here to helpAffiliated to the British Heart Foundation and
Arrhythmia Alliance - The Heart Rhythm Charity
POOLE HEART SUPPORT GROUPHead Office: Poole Community Health Centre
Shaftesbury Road, Poole BH15 2NT
Telephone: 01202 683363 ext. 133 (9am-4pm answerphone)
Telephone manned Mondays and Thursdays: 1.30-3.30pm
Web site address: www.poolehsg.org.uk
PRESIDENT Dr. A.A MCLEOD
V. PRESIDENTS: ROBERT PAYNE, MAGGIE RICHARDSON,
JIM WAINE (01202 871532) GEOFFREY WALKER OBE, DIANE BRUCE.
PHSG COMMITTEEKEITH MATTHEWS Chairman firstname.lastname@example.org. 01202 855001
DAVID ANDERSON Secretary email@example.com 697376
RITA HOLMES Treasurer firstname.lastname@example.org. 01202 743960
ROBIN PRINGLE Exercise Coordinator email@example.com. 01202 884250
ALAN BRISTOW Magazine Editor/Liaison firstname.lastname@example.org. 01202 694886
GARY LEE Social Secretary email@example.com. 01202 722814
JAN MESHER Office firstname.lastname@example.org. 01202 250108
PAM BAILEY BHF Rep. 01202 574944
DON BAILEY Member 01202 574944
GEORGE WILKINSON Member 01202 740374
GERRY WRIGHT Purbeck Member email@example.com. 01929 421864
IRIS ROETHKE Member firstname.lastname@example.org. 01202 258227
VACANCY Want your name here? Please see a committee member!
If you know a member who is ill, please tell us by contacting Mavis Terry,
Welfare Support, on 01202 874760
OTHER CONTACTSOTHER CONTACTSOTHER CONTACTSOTHER CONTACTSOTHER CONTACTS
MAX SMITH Website email@example.com 01202 676601
DEREK POPE Computer Club/Database firstname.lastname@example.org 01202 889070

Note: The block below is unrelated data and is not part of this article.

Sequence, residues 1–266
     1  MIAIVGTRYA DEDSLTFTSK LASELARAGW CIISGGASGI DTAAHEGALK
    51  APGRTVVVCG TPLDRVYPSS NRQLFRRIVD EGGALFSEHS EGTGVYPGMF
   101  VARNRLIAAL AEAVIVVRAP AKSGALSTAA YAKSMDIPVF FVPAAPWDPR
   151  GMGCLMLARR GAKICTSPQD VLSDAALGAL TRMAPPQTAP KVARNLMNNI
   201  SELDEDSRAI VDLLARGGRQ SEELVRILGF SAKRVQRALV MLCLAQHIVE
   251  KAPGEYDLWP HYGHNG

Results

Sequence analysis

DAVID LLOYD Publicity email@example.com 01202 697179
GEORGE OLEARY PHSG Shirts firstname.lastname@example.org 01202 743978
ROGER RIDOUT Grant Applications email@example.com 01929 423079
CYRIL MARTIN Walking Group 01202 733956
Please send magazine articles to:
Alan Bristow, 60 West Way, Broadstone, Dorset BH18 9LS
or by e-mail to : firstname.lastname@example.org Tel. 01202 694886
Magazines are published 1st March, 1st June, 1st September and 1st December.
Last date for articles to Editor is 10th day of month before publication.
Dates for your Diary Meetings and Social Events Please see page 19
Now Im settling into the job of Chairman, I ambecoming increasingly aware that PHSG exists as itdoes with a lot of goodwill from the staff at PooleHospital and it is time to make sure these links aremaintained firmly. Recently it was noted that DrMcLeod our President, could be close toretirement and we asked Jim Waine, one of ourVice Presidents, to speak him to see what heintended. We are pleased to report thatDr McLeod expressed the view that he is delightedto continue as our President and that furthermoreJim reports that he would like to take a more active involvement. We planthat he will be addressing the Group at our February meeting next year.Watch the next edition for more details.
And finally, we must offer hearty congratulations to our Vice-President,Geoffrey Walker, who was recently awarded the O.B.E.
Be Wise Exercise!Be Wise Exercise!Be Wise Exercise!Be Wise Exercise!Be Wise Exercise!
Do you have a PersonalStrainer, or even a PersonalTrainer ?PHSG have some superExercise Trainers just waitingto put you through yourpaces at one of many groupsessions at our exercisevenues.
For further details, pleasecontact Robin on 01202-884250.
Cardiology News from Poole
Hospital NHS Foundation Trust
It gives me great pleasure firstly to say that wewere successful in Cardiology and Medicine inobtaining Practice Development Status with theUniversity of Bournemouth. We have been workingtowards this for over 14 months now. Ourassessment from the university was on the 29th